All-Indigenous seafood feast brings Dine Out Vancouver Festival 2020 to a meaningful, unforgettable close

Maori chef Rewi Spraggon introduced diners to pit cooking, a traditional method he hopes to revive

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      The team at Salmon n’ Bannock, Vancouver’s only Indigenous restaurant, hosted a World Chef Exchange dinner on February 2 as part of Dine Out Vancouver Festival and knocked it out of the park.

      And there was much more to the sold-out event that tantalizing flavours from the Pacific that were in every dish. There was the sharing of three distinct Indigenous cultures and a deepening of relationships, even among those who started out as strangers. 

      Sharing the tiny kitchen were the restaurant’s own Ida Baker of the Squamish Nation and Cree chef Janine Delorme-Bird, Edmonton-based Cree chef Shane Chartrand, and Maori chef Rewi Spraggon, who flew in from New Zealand just for the exchange.

      Salmon n’ Bannock owner Inez Cook called the dinner “Off the Hook”.

      “Waters may separate us by distance, but our culture and love of food unite us together,” she said in her opening remarks.

      Salmon n' Bannock Squamish chef Ida Baker made cattail-pollen bannock.
      Gail Johnson.

      Squamish elder S7aplek, whose Hawaiian name is Lanakila and whose driver’s licence reads Bob Baker, shared a blessing through drumming and a song called "Snowbird". The cofounder of Spakwus Slolem (Eagle Song Dancers), he explained that blessings from ancestors are given for everything from homes and canoes and at the start of ceremonies as a way to neutralize negativity; they’re also a way of giving thanks and to send out healing thoughts to anyone in your life who could use support.

      Cree artist Renae Morrisseau followed, drumming and sharing a song called "This Land".

      Spraggon, who’s a master of hangi—pit cooking—welcomed to the small West Broadway room four male Maori singers with a traditional greeting called hongi. People rub their noses together, close their eyes, and touch foreheads. Then all five men engaged in a mighty, magnificent war song.

      All this, and 10 courses with 10 Indigenous wine pairings were still to come.

      And what a meal it was. The day before, Spraggon cooked his dishes in a pit at UBC Farm (following the approval of local health inspectors and a village effort to locate dry wood—maple and alder).

      Rocks are heated with timber in an earth oven for three to four hours, reaching a temperature of about 700 degrees. On top goes the food: protein on the bottom then vegetables on top, all covered with coffee sacks or leaves. The deep flavours of wood, smoke, and earth infuse whatever is being cooked; Vancouverites have never tasted anything like it.

      With pit cooking on the verge of becoming a lost art, Spraggon is determined to revive the style that his people have been practising for millennia: “It’s my mission to bring that back,” Spraggon said, noting that he’s the only chef in Auckland making traditional Indigenous food. “I never met my grandfather, but when I cook with the same stones that he used a hundred years ago, I know he’s right there cooking with me.”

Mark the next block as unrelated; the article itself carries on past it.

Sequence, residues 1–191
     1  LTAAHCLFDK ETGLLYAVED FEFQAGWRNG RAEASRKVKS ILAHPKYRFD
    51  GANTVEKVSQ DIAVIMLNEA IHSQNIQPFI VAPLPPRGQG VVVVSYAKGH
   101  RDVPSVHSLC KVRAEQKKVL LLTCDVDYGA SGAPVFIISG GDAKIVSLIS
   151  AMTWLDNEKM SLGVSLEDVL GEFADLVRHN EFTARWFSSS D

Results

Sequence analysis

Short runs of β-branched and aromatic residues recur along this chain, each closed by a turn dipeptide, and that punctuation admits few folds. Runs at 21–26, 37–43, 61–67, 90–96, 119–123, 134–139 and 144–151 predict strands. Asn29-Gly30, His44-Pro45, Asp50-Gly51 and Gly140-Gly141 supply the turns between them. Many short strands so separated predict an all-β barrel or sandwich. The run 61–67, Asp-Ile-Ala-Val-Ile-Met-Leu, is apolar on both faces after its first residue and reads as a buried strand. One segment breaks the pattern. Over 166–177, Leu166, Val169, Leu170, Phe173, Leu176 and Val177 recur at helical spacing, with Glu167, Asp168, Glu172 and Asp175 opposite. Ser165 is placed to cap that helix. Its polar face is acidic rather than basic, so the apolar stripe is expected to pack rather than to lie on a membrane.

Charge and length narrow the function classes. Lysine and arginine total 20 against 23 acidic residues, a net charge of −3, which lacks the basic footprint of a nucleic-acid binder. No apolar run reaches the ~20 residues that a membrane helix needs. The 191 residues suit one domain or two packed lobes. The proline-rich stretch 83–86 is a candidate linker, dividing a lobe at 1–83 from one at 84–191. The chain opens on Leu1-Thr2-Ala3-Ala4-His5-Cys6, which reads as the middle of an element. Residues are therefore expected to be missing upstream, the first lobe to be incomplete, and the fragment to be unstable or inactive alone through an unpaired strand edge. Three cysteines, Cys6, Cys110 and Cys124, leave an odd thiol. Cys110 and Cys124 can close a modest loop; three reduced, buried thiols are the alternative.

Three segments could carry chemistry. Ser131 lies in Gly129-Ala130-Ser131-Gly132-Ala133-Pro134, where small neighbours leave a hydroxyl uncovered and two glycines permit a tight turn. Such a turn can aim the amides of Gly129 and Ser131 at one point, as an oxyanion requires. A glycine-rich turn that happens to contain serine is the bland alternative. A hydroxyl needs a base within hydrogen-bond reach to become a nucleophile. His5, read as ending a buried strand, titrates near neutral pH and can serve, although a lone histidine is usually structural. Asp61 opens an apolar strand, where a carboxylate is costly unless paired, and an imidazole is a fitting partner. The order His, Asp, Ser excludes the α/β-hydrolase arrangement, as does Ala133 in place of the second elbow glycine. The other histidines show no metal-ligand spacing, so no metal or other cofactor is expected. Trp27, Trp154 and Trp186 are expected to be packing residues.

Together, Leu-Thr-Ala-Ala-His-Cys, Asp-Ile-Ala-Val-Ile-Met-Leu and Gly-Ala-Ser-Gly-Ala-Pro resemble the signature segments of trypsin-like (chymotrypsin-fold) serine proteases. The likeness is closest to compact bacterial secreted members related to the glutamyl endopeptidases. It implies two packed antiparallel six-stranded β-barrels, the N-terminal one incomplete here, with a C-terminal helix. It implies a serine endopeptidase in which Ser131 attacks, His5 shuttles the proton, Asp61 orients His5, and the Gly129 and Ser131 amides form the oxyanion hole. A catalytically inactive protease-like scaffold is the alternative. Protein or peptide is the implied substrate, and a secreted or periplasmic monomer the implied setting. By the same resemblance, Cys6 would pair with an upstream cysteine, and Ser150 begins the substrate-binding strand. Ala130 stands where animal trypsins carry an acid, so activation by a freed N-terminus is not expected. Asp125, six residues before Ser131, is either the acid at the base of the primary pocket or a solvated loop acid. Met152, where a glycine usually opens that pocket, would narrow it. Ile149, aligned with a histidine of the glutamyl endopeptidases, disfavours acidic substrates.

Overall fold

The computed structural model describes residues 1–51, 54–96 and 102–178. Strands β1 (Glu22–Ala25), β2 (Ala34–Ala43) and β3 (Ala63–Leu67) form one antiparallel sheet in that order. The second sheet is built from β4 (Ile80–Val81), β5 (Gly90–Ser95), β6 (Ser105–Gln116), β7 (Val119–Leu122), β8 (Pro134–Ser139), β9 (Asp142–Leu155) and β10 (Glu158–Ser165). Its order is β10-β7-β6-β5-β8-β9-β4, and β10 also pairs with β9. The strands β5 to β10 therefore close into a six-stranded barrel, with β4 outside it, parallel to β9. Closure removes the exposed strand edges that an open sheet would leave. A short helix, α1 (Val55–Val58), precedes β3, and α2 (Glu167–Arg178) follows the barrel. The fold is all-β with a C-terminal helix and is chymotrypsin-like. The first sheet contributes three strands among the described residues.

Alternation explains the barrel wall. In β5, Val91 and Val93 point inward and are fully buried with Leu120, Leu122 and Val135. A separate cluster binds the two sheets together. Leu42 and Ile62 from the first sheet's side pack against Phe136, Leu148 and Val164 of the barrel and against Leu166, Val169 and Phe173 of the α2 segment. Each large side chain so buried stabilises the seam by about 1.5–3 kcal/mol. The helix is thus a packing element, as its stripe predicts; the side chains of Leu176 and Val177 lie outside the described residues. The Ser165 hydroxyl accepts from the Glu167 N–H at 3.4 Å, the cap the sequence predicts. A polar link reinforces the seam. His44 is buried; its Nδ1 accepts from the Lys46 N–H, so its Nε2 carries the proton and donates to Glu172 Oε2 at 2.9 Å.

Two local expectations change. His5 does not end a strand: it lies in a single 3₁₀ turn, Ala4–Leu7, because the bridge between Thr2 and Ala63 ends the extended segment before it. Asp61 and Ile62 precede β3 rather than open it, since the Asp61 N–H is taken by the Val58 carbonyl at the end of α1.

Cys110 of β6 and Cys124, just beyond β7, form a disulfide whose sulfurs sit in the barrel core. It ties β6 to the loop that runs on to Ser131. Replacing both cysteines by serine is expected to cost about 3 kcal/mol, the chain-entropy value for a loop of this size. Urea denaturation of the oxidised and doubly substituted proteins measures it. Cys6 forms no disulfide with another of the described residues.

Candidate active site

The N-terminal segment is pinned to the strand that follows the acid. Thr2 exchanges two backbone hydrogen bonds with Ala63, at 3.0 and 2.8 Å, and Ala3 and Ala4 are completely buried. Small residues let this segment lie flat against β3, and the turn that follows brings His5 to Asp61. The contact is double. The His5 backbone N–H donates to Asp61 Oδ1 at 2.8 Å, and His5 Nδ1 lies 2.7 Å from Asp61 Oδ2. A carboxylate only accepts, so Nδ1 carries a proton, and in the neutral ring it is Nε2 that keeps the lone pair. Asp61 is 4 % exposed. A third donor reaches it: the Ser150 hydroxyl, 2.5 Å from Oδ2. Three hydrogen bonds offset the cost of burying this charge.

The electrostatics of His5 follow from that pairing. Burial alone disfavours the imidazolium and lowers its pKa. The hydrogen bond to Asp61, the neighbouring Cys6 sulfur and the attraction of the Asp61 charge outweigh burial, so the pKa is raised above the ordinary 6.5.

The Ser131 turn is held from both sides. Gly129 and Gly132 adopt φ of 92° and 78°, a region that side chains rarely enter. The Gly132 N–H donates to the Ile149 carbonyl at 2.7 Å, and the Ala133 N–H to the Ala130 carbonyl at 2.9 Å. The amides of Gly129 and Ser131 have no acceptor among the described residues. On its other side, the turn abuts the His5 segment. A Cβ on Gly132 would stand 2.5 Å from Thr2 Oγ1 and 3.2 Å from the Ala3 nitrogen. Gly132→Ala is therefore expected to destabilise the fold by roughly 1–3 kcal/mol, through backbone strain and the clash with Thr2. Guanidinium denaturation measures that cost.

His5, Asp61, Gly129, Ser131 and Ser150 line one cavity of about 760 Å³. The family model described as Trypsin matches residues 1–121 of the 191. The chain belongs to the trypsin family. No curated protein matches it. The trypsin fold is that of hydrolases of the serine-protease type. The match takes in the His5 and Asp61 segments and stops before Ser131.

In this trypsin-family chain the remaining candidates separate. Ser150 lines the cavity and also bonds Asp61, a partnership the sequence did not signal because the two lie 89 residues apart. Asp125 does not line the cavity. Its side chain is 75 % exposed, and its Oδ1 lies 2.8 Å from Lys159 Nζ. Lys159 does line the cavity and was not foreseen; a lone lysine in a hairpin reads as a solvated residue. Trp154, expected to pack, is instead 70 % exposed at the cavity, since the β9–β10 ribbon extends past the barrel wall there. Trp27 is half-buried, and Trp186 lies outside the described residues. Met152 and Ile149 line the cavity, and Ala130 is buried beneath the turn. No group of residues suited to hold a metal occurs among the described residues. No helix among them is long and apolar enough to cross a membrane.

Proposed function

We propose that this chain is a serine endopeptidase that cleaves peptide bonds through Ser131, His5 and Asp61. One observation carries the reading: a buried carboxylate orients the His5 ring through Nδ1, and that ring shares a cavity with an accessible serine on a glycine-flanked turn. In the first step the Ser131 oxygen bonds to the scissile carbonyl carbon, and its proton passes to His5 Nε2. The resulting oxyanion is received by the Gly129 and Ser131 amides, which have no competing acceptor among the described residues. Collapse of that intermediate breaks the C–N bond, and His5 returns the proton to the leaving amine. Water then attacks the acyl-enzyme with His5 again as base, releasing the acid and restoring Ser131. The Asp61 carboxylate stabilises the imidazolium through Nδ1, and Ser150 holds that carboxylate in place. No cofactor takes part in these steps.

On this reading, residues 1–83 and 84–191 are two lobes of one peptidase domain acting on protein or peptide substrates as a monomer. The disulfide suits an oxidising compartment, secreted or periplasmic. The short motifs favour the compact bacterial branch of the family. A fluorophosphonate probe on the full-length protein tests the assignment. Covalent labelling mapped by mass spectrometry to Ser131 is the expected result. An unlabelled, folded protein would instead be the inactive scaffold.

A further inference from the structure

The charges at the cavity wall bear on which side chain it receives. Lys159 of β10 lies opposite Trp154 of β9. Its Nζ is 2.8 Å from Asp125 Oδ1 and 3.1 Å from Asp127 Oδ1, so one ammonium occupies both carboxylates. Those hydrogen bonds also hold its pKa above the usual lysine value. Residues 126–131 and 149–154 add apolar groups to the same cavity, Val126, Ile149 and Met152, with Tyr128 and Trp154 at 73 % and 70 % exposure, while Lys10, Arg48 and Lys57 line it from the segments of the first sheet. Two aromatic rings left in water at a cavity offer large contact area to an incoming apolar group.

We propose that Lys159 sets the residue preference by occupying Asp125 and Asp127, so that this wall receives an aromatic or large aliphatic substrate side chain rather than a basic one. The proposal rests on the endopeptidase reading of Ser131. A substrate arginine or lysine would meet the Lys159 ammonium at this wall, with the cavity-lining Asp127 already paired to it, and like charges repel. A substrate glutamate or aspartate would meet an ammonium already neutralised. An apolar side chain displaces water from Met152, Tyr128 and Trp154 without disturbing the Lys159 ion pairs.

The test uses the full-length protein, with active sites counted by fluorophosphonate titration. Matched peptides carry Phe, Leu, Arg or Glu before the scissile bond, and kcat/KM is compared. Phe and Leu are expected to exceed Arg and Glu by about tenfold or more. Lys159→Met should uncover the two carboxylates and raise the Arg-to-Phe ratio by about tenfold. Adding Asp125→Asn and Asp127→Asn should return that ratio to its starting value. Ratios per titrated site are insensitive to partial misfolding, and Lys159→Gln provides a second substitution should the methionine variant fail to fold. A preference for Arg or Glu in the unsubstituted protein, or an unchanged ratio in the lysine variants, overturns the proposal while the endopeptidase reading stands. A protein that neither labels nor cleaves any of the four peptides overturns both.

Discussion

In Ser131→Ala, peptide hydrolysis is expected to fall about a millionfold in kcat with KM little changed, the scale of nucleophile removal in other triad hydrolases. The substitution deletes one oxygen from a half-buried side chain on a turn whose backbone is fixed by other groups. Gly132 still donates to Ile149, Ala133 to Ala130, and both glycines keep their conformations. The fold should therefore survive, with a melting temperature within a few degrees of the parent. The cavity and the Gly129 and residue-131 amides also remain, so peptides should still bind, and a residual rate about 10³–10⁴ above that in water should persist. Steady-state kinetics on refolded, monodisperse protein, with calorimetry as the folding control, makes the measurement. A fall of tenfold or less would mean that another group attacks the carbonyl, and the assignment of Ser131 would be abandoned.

Dinner started with a smoky eulachon broth; later came cattail-pollen bannock.

      There was sopalallie and huckleberry mousse, an astringent classic with a bitter taste akin to Campari.

      Kutai is the name for black fritters made of pit-cooked New Zealand green mussels.

      Chopped oyster ceviche was served in the shell with reindeer moss, dill mayonnaise, and black currants, while charred and aromatic Haida Gwaii razor clams in a white-wine garlic sauce came with bright beets and pickled onions.

      Red-snapper roulade came with trout caviar and pesto.
      Gail Johnson.

      Onion ash scallops were served with freekeh (a whole grain), uni, and replenishing wakame tea. Trout caviar dotted red snapper roulade with pesto.

      Halibut came with lemon butter and sweet, crispy shallots. Popped Ojibway wild rice was sprinkled atop pumpkin-seed crusted sablefish.

      Earth-oven fish called hangi ika consisted of wild sockeye salmon that Spraggon made into a cake atop squash puree with crispy root vegetables—all infused with the taste of a long-burning campfire.  

      To finish, Spraggon made his grandmother’s burnt sugar pudding, baked in the pit, tasting of the earth and of home. 

      Wine pairings were from Nk’Mip Cellars and Indigenous World Winery in the Okanagan, and Tohu, the world's first Māori-owned winery.

      At the end of the dinner (which was sponsored by Tourism Vancouver, Indigenous Tourism BC, Air Canada, and the Westin Bayshore, among other partners), Cook gifted every single person with a necklace made by Salmon n' Bannock server Charlene Johnny, a Cowichan artist. It consists of a wood pendant emblazoned with one of Johnny's original designs.

      No one left hungry, and everyone walked out with a deeper understanding of the Indigenous expression "all my relations". It means we're all related. This World Chef Exchange dinner reminded us of this truth.